A recession in the US will crash stock markets! What to do before that happens
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A recession in the US will crash stock markets! What to do before that happens
Mar 22, 2023 Episode 249
Stuart Wemyss

eBook Download: https://www.prosolution.com.au/ebook/

We are all aware that central banks around the world have been hiking interest rates to reduce inflation back to normal levels. The US economy, and particularly the labour market, have been more resilient than most expected. This means the US central bank might have to hike interest rates higher than in other jurisdictions to tame inflation. A consequence of this is that it will probably send the US economy into recession. And if history repeats itself, stock markets will fall. 

If this scenario plays out, what actions should you take now?  

There are three economic scenarios

Share markets have been wrestling with three possible economic scenarios as follows: 

§  Hard landing: this means that the Federal Reserve’s interest rate hikes achieve their aim of curtailing inflation but at the cost of sending the US economy into recession.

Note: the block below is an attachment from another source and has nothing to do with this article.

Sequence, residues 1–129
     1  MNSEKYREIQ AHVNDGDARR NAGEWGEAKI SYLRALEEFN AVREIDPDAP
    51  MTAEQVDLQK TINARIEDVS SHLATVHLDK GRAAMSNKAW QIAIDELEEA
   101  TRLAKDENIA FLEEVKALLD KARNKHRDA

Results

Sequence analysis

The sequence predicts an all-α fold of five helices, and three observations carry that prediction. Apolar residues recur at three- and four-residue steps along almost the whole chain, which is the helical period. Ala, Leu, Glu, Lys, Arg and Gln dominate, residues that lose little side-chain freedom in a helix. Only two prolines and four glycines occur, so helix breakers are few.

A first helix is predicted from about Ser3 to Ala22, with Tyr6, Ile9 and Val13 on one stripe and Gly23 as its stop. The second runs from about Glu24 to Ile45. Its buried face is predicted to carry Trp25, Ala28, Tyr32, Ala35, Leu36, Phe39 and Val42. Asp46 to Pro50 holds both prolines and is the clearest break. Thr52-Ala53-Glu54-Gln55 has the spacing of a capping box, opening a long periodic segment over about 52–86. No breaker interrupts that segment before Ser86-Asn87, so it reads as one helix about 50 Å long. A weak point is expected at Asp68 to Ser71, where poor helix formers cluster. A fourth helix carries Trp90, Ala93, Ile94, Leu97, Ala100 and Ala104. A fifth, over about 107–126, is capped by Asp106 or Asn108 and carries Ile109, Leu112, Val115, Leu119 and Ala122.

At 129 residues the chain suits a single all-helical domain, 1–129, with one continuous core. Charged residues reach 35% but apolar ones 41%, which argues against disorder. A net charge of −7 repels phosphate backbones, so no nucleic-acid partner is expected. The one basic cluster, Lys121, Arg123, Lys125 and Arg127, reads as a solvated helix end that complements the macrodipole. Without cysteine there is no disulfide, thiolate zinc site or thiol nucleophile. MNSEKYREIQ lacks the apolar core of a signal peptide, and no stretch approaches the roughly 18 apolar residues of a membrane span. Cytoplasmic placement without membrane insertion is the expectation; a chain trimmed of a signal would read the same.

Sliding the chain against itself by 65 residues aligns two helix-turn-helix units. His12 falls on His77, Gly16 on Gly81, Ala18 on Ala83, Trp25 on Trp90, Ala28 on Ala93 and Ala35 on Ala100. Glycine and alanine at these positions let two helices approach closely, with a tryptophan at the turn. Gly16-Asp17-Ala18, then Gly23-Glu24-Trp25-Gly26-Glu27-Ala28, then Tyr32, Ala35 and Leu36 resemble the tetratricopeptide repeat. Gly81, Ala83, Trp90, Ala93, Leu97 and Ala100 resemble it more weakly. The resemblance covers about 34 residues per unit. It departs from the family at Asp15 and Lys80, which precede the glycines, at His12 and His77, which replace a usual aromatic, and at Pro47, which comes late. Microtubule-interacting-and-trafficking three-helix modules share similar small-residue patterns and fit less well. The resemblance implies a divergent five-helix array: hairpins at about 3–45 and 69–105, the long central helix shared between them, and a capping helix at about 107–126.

§  Soft landing: this is a Goldilocks scenario where the Federal Reserve hikes rates just enough to cool inflation, but not too high that it causes a recession (or it is able to cut rates in time to avoid a recession). 

§  No landing: it is possible that the US economy continues to be resilient, and inflation remains stubbornly high which means the Federal Reserve must hike rates higher for longer.

US labour market is stubbornly robust 

The problem that the US central bank has (that the RBA doesn’t) is wage inflation is high at 4.6% over the year ended 28 February 2023. If it cannot cool the labour market and stop incomes rising, it probably won’t be able to return inflation to normal levels. The US labour market is proving to be very robust and although there are some signs that it is starting to slow, data is somewhat mixed. 

As reported late last week, the US unemployment rate did rise in February from 3.4% to 3.6% p.a., not because there were fewer jobs but because the participation rate increased (i.e., more people are attracted to return to the labour market and look for jobs). This helped the three-month annualised wage inflation rate slow to 3.6% (compared to the 12-month reading at 4.6%), so there are signs that wage growth is slowing. 

This is the most important issue that markets are watching. If we see more data that confirms wage inflation is slowing, a soft-landing scenario might be considered more likely. 

The other noteworthy difference in the US (compared t

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